03 May 2016
US Presidential Election 1964
In April 1961 a CIA backed operation to overthrow President Charles de Gaulle's government was successful. General Maurice Challe strengthened ties with the United States and pushed to make France an important member of NATO. In return for French cooperation the US began to send advisers and equipment to Algeria to aid France in its war there. The Soviet Union smuggled weapons to the Algerians and moved some of their own soldiers from the Muslim regions of the USSR to the combat zone. Algeria quickly became an important proxy war between East and West.
President Kennedy was forced to increase the assets sent to Algeria over the next few years. In 1962 Marines and Naval air assets took direct action in the conflict shortly followed by US Army ground forces. This was taking place as the President was also increasing commitments in Vietnam. The American people would not stomach two major foreign wars, so by 1964 the few advisers in Vietnam were withdrawn, leaving that country open for conquest by communist forces. Efforts were then re-doubled in Algeria. Rumblings of a return of the draft angered more Americans.
In 1964 nearly all of Algeria was occupied by Franco-American forces. However the Algerians would not surrender. The press turned on the western allies as atrocities were uncovered. This did not help the reelection campaign of Kennedy. He was able to distance himself from the worst events taking place in Africa, the American people easily placing blame on the French. Russian media focused on blaming the 'Vichy' dictators that controlled France in an attempt to create chaos in France and hopefully have them drop out of NATO.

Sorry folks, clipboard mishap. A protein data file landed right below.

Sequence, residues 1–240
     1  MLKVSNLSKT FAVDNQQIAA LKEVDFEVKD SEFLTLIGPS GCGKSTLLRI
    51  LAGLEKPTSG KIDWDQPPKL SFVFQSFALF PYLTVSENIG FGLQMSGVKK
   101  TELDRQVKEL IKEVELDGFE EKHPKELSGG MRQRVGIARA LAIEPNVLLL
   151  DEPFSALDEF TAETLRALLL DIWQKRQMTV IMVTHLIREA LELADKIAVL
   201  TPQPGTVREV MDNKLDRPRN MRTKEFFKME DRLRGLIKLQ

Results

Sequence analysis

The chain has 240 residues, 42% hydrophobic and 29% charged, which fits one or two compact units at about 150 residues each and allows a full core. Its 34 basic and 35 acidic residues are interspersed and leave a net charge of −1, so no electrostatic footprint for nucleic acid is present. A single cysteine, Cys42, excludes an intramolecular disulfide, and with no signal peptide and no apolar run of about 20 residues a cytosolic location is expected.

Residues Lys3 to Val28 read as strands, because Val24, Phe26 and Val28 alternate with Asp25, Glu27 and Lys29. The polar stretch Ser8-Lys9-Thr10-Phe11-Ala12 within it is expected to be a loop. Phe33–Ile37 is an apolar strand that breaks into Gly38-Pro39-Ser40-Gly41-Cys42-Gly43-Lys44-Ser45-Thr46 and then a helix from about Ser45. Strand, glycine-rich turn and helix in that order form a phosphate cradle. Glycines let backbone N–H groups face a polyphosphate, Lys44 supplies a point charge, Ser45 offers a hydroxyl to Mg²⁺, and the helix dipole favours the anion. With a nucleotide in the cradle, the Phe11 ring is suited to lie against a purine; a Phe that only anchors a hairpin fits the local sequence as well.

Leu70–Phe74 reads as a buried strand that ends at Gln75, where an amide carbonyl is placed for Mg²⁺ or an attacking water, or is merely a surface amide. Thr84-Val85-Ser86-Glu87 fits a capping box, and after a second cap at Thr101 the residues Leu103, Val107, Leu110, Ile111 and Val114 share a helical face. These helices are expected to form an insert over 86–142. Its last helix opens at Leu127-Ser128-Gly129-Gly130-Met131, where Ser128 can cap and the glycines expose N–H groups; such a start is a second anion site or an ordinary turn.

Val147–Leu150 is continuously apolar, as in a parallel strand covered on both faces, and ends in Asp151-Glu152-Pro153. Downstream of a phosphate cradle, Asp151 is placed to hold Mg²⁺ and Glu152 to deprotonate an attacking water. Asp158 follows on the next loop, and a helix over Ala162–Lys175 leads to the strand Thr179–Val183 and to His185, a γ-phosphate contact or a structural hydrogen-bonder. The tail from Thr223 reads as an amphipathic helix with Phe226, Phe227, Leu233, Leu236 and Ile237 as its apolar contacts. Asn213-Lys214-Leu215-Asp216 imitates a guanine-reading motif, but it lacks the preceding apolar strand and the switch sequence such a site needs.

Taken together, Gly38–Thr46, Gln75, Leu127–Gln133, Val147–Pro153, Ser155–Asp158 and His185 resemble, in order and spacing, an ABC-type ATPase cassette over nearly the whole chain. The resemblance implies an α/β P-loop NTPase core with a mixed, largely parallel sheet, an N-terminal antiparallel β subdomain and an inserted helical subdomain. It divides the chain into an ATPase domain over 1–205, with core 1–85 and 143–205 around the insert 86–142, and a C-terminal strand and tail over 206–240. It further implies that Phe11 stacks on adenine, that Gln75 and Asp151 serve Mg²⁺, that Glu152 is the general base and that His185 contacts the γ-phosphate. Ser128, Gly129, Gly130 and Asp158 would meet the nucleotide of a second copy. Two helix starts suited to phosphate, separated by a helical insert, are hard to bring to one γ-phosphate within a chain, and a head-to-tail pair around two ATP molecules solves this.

Barry Goldwater obtained the Republican nomination to run for President. While he was also anti-Soviet he saw the disaster the war in Algeria was. He wanted to withdraw from Algeria and leave it to the French so that America could confront the Russians on other fronts. This alone may have given him victory in November, but his anti-union and anti-New Deal positions frightened too many others.
November 3, 1964 saw an above-average voter turnout. President Kennedy retained his power. Despite his loss, Goldwater continued to try to change the Republican party.